A trip to China is always exciting, as the country has such variation in culture and food that you can go anywhere inside its vast borders and find something different to interest and excite you. I had similarly high expectations when I visited China’s busiest city, Shanghai, in the east of the country, but was left a little underwhelmed. I guess when you’ve seen the Great Wall and the Terracotta Army, economic cities like Shanghai can seem a bit…dull in comparison.
I had actually arrived in Shanghai in daylight after a flight from Taipei via Hong Kong with Cathay Pacific. Usually, I make the noob mistake of arriving in a new city for the first time in the dark, so I have to risk taking taxis into the unknown without being able to see where I’m going. I have made that mistake initially in Beijing, Chengdu, Bangkok, Kuala Lumpur, Bali, Medan, Seoul, Taipei, Siem Reap, Manila, Delhi, Kathmandu…the list goes on – one day I will book my flights in a more appropriate way! What surprised me was that upon arrival at Shanghai Pudong International Airport was that access to the MAGLEV shuttle train was very easy and I enjoyed travelling at 300kph+ away from the airport. When the train stopped at its terminal, we all had to get taxis into downtown Shanghai. My driver was a maniac, and the taxi didn’t have seatbelts. Plus it was raining. It seemed a bit of a dangerous way to begin my adventures in Shanghai!
Hostels in Shanghai are also very cheap, but as always with China, you need to be aware that hygiene standards are not the same as in other major cities in Asia (i.e. Singapore, and maybe Kuala Lumpur). Basically, you get what you pay for in Shanghai. The more you spend, the better the standard of accommodation. That may sound obvious, but if you’re on a tight budget and think you can save some Yuan by plumping for a cheaper hostel, you’ve gotta put up with the roaches – and the occasional theft! I didn’t spend too much time in my hostel, as I wanted to explore the city. The markets and backstreets of the city are great places to observe regular Shanghainese life. The quaint little coffee shops, gazillions of peddle bicycles (not many mopeds – Hanoi take note!), and a general lazy way of life were what I noticed when in Shanghai’s backstreets, and this is of course in stark contrast to the business that goes on in Pudong and Lujiazui districts in the steel and glass skyscrapers.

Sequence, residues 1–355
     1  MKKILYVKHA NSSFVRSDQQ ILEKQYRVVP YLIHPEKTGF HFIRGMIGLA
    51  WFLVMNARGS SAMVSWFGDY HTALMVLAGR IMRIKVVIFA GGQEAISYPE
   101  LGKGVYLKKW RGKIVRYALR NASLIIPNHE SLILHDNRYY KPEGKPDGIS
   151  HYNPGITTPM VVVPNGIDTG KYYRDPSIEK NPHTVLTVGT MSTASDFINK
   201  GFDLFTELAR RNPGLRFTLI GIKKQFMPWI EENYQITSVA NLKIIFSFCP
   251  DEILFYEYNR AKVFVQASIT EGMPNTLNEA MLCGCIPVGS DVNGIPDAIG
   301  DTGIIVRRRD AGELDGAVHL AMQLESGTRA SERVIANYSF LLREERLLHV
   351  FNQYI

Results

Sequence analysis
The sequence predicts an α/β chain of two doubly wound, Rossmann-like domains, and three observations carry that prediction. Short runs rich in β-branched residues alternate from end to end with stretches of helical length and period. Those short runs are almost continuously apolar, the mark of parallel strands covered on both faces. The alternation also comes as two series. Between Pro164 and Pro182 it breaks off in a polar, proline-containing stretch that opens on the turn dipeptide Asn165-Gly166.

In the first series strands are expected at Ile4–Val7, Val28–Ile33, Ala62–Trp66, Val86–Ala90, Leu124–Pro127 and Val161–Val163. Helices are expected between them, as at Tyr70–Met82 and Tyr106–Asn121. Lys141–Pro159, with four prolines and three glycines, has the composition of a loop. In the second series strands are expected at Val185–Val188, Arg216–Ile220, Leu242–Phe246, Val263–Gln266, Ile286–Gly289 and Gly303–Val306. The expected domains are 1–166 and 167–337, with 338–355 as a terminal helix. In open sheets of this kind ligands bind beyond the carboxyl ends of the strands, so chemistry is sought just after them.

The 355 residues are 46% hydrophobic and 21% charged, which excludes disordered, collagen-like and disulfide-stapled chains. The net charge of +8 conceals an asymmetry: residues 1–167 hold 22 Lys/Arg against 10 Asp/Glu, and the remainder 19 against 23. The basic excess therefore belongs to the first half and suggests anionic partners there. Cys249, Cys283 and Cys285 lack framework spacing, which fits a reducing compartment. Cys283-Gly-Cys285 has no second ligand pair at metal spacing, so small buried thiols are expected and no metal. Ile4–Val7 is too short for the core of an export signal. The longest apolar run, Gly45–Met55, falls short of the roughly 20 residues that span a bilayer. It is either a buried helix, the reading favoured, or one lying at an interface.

Even if you have high expectations, visiting Shanghai purely for tourism could ultimately lead to disappointment. When some of the major attractions are shopping malls and skyscrapers, you will perhaps begin to wonder why you didn’t go to Beijing, Xi’an, or Kunming instead. However, if you take a little time to research your Shanghai trip before (or during) your stay, you can uncover some hidden gems, such as the beautiful Yuyuan Garden, which was perhaps one of the highlights of all my travel in China, not just in Shanghai. Although I did just mock shopping, a trip to the famous Nanjing Road should be on the itinerary of all travellers!
Food in Shanghai is glorious (further reading: Snack Attack: China’s Best Street Food). While Chinese cuisine (I mean real Chinese cuisine, not the imitations you find in takeaways in Europe) can be somewhat hit and miss with a western palette, there are some local treats that everybody should try, including the delectable Shengjianbao, which are pan-grilled buns similar to baozi found in Beijing. Cong You Bing are scallion pancakes and these are also Shanghainese delicacies. If fast food is more your thing, then you may be heading straight to McDonald’s – and believe me, there are some amazing Chinese-style items on the menu, such as the black and white burger (the colours of which represents ying yang)!
While Shanghai is no way close to being my favourite Chinese city, it does have a certain charm about it. You cannot help but be impressed with its booming economy and the mix of old and new in terms of architecture (such as at Zhujiajiao Ancient Town close by). But Shanghai is very, very busy and perhaps not the first port of call for a first time traveller to China.